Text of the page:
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Szendrei Alex BV4XT1
The trisynaptic neuronal network of the hippocampus.
The hippocampus is a small region of the brain that forms part of the limbic system and is primarily
associated with memory and spatial navigation. The hippocampus is located in the medial temporal
lobe of the brain, underneath the cortical surface. Its structure is divided into two halves which lie in
the left and right sides of the brain. The organ is curved with a shape that resembles a seahorse, and
its name is derived from a coupling of the Greek words "hippo" for horse and "kampos" for sea.
In general, there are four gross regions of the hippocampus:
1. Dentate Gyrus (DG)
2. Hippocampus proper:
 CA1–3 (Cornu ammonis)
3. Subicular complex:
 Subiculum (Sb)
 Presubiculum (PrS)
 Parasubiculum (PaS)
4. Entorhinal cortex (EC):
 Medial (MEC)
 Lateral (LEC)
When cut in the transverse plane, the hippocampus shows three interconnected afferent pathways
known as the trisynaptic circuit. The trisynaptic circuit is made up of three major cell groups: granule
cells, CA3 pyramidal neurons, and CA1 pyramidal cells. The first projection of the hippocampus
comes from the entorhinal cortex to the dentate gyrus. The dentate gyrus then synapses to CA3 via
mossy cell fibers. CA3 then fires to CA1 via Schaffer collaterals which synapse in the subiculum and
are carried out through the fornix. Collectively the dentate gyrus, CA1 and CA3 of the hippocampus
compose the trisynaptic loop.
Entorhinal cortex constitutes the major gateway between the hippocampal formation and the
neocortex. The entorhinal cortex with the hippocampal formation, appears to specifically deal with
the translation of neocortical information into complex representations that, when combined with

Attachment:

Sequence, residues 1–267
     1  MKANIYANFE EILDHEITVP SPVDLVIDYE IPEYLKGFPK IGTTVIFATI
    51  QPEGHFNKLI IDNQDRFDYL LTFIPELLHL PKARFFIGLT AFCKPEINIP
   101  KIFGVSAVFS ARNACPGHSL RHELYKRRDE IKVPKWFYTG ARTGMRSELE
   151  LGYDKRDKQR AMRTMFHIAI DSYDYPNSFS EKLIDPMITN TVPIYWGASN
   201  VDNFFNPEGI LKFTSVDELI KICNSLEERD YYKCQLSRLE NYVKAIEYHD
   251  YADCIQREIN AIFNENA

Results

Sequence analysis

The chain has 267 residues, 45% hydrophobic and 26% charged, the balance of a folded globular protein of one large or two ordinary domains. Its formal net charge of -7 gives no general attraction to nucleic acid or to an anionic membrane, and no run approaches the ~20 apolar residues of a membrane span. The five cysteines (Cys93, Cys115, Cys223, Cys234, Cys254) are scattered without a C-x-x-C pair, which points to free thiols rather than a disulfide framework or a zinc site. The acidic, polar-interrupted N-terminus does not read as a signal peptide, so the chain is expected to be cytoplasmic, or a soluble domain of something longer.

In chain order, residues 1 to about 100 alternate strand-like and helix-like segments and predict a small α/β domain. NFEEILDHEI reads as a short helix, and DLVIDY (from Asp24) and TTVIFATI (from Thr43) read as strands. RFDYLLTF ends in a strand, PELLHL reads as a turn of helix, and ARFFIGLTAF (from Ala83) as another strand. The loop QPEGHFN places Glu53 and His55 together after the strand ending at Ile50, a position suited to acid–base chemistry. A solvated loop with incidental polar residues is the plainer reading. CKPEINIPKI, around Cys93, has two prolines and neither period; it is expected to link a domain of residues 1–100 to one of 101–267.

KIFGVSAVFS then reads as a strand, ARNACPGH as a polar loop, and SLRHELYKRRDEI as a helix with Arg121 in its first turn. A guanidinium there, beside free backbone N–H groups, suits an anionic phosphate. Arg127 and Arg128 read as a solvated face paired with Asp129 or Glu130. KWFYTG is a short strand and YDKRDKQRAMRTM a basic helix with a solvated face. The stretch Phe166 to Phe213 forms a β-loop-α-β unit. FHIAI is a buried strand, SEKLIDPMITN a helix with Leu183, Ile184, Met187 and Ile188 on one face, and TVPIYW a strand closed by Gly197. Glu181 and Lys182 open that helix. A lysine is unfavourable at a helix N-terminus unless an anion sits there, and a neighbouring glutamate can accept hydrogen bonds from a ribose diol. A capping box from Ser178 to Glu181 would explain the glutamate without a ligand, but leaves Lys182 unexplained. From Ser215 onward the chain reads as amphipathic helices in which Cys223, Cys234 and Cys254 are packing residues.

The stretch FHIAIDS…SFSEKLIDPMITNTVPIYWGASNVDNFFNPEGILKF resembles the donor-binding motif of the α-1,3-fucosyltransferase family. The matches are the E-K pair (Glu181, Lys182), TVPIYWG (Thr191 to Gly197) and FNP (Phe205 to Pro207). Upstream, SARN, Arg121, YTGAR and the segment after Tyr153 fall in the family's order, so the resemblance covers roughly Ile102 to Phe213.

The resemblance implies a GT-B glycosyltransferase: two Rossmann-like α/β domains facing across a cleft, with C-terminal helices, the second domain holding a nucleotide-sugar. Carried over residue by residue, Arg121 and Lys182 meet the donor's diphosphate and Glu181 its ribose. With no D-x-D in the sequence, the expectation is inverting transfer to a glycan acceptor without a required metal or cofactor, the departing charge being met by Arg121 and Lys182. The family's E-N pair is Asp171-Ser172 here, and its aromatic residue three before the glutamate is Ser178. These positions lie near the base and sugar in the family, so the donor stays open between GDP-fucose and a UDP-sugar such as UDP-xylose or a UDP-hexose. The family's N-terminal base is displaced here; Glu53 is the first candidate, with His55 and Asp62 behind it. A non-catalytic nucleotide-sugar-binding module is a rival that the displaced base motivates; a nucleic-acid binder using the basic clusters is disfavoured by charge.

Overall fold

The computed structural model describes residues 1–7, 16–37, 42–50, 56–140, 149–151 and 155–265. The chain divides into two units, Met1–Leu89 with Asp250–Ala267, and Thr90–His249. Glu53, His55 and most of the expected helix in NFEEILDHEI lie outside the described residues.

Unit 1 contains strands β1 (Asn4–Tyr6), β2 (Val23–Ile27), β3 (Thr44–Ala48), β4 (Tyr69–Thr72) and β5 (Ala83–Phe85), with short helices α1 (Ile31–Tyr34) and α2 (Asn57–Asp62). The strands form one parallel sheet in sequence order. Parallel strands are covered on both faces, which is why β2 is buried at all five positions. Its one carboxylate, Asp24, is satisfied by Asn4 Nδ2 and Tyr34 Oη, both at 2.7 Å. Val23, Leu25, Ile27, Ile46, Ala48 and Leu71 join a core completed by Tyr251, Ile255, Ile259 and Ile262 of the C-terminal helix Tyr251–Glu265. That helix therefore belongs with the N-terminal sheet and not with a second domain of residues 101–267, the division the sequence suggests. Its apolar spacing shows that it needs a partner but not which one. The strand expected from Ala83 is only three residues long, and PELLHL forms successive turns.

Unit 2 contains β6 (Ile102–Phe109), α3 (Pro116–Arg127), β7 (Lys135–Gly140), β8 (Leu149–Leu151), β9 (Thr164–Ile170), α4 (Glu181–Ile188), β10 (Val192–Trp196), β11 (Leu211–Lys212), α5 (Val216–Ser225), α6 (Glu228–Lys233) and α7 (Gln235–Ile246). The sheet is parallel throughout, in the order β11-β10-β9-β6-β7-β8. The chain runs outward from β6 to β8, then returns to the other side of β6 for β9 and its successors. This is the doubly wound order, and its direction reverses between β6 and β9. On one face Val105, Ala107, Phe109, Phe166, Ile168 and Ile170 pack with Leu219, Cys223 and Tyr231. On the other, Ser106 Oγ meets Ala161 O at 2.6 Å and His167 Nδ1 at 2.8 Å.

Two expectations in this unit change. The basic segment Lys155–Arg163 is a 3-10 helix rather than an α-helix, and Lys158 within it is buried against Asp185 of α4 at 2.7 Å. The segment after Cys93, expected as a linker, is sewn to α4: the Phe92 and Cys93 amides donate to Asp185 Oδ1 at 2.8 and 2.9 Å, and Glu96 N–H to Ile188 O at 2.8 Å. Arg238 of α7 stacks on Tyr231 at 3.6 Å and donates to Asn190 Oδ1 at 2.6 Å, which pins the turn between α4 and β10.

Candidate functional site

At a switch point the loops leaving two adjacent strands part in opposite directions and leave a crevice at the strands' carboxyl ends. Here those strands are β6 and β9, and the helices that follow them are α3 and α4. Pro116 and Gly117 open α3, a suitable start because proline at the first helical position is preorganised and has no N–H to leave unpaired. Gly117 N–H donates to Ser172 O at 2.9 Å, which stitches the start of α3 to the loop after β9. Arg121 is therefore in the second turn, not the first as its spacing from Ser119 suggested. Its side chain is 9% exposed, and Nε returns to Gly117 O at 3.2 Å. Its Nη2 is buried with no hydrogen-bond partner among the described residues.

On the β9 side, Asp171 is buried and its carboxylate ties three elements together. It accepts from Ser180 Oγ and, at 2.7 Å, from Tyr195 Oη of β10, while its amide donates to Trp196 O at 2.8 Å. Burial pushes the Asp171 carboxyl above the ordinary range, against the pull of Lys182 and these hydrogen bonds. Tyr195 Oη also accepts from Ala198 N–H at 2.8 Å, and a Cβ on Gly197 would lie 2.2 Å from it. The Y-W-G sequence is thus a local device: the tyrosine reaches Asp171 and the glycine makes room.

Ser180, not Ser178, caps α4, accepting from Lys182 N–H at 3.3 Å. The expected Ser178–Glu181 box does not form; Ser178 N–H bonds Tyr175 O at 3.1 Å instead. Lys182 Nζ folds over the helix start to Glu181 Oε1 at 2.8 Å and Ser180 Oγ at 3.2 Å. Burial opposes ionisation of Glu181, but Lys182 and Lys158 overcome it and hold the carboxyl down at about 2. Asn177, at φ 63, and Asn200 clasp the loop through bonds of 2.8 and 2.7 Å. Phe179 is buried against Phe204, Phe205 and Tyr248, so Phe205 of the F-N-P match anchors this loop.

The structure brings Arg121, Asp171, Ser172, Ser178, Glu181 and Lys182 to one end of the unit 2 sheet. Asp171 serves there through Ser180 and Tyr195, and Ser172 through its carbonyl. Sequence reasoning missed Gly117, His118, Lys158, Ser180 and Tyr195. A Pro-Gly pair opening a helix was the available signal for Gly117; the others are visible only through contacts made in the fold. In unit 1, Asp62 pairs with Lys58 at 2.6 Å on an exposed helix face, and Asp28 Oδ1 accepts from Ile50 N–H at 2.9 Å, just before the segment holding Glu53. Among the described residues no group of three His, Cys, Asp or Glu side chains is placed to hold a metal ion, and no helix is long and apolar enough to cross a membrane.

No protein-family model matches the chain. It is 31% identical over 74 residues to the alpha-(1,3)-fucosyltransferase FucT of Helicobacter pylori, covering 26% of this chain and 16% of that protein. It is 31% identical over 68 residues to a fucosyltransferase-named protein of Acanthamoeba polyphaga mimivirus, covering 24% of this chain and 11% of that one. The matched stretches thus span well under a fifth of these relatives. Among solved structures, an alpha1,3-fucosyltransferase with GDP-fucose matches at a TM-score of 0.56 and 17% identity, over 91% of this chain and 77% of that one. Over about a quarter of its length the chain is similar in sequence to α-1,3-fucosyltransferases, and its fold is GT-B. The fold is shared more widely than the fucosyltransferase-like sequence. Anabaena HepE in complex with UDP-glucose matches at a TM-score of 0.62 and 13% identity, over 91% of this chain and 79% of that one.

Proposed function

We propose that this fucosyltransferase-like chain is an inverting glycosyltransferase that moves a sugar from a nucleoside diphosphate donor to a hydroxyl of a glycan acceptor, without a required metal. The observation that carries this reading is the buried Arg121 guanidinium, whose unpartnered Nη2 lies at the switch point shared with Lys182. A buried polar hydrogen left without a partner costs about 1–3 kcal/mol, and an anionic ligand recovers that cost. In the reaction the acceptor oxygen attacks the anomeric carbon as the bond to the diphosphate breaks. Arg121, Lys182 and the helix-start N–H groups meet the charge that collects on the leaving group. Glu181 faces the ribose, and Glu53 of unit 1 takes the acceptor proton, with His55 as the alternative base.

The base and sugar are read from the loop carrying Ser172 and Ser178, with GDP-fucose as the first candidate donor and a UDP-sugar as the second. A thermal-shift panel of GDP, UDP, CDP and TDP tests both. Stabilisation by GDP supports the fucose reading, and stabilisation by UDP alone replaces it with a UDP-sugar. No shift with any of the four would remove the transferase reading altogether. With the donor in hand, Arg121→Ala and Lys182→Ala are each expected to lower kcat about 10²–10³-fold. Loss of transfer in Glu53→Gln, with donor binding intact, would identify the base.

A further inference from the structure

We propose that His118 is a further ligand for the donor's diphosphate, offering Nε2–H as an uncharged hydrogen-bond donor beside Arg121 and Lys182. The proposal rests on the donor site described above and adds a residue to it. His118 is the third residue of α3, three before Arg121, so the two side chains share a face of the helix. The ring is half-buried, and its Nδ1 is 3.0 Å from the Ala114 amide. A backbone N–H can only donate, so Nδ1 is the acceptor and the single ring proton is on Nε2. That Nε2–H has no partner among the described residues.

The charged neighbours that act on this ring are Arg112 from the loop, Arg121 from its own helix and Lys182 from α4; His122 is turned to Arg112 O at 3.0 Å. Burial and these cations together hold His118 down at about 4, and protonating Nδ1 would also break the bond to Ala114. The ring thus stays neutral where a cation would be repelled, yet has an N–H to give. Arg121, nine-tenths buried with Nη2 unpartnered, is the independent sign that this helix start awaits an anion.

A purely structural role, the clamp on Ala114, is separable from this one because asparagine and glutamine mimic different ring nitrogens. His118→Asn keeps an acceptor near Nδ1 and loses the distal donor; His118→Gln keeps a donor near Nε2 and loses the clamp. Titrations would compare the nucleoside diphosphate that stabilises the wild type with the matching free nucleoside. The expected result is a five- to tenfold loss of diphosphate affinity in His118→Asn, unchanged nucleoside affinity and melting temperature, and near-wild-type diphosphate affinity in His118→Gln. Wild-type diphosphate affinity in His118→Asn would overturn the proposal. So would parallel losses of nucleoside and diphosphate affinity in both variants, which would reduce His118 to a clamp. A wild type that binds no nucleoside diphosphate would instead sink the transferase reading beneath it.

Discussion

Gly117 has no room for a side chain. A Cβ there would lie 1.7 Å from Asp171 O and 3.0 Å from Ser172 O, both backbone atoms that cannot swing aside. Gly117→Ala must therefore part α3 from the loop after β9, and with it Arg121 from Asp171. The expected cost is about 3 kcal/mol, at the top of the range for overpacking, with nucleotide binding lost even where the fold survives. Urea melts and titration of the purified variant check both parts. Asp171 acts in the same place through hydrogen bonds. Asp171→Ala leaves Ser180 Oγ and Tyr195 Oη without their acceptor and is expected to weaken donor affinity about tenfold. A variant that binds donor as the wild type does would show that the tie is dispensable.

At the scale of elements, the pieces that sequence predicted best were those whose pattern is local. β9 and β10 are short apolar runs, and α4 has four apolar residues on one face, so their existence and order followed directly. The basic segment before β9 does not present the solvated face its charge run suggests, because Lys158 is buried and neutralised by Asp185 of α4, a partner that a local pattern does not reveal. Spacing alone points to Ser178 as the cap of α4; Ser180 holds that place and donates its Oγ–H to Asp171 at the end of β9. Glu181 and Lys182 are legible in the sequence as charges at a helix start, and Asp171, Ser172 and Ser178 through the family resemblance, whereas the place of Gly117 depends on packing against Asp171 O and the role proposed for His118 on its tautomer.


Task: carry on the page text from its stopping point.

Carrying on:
motivational representations, will serve cognitive functions, in particular conscious memory.
Dentate Gyrus has a largely unidirectional nature of its inputs and outputs. The mossy fibers give rise
to massive synaptic endings that have as many as 40 active sites onto postsynaptic neurons.
The mossy fiber synapse is one of the largest and most powerful synapses in the brain. It plays a
precise and unique role in the hippocampal information processing that ultimately leads to the
production of declarative memories.
Cornu ammonis is subdivided into CA3, CA2 and CA1.
CA3 dendrites have “thorny excrescences” with complex spine shapes. Each granule cells contacts
only about 15 CA3 pyramidal cells. Each pyramidal cell receives input from only about 72 granule
cells.
sources:
http://www.news-medical.net/health/Hippocampus-What-is-the-Hippocampus.aspx
http://neuralnetoff.umn.edu/mediawiki/index.php/Hippocampal_Anatomy
http://www.nature.com/nrn/journal/v9/n1/fig_tab/nrn2303_F1.html
https://en.wikipedia.org/wiki/Trisynaptic_circuit
http://www.scholarpedia.org/article/Entorhinal_cortex
https://www.ncbi.nlm.nih.gov/pmc/articles/PMC2492885/
http://neuroscience.uth.tmc.edu/s4/chapter05.html
https://www.cs.cmu.edu/afs/cs/academic/class/15883-f13/slides/hc-anatomy.pdf